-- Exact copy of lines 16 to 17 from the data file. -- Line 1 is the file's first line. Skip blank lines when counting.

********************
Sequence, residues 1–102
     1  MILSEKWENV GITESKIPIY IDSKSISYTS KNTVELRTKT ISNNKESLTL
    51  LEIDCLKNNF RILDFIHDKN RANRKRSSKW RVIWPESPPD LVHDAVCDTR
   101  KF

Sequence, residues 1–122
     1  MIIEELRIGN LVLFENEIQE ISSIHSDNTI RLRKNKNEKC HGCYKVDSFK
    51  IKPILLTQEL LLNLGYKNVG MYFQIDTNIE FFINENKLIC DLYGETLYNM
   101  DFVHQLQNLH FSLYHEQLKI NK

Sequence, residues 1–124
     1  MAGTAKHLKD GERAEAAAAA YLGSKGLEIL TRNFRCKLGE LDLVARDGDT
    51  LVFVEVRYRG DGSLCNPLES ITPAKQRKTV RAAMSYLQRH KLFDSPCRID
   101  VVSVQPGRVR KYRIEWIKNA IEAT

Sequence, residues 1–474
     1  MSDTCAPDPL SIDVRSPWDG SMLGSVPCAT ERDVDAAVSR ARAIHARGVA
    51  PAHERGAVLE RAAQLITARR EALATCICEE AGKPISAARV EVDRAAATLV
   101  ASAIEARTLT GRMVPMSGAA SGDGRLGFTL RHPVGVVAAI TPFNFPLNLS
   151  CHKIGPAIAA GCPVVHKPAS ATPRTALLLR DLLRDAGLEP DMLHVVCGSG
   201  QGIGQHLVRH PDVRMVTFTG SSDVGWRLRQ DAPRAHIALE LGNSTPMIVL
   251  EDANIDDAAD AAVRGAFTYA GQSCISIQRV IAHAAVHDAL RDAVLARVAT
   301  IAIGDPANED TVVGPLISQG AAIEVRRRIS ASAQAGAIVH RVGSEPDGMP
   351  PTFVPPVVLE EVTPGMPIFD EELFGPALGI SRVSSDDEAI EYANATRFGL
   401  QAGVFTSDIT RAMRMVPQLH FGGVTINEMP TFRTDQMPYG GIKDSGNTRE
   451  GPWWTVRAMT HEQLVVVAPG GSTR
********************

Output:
   101  ASAIEARTLT GRMVPMSGAA SGDGRLGFTL RHPVGVVAAI TPFNFPLNLS
   151  CHKIGPAIAA GCPVVHKPAS ATPRTALLLR DLLRDAGLEP DMLHVVCGSG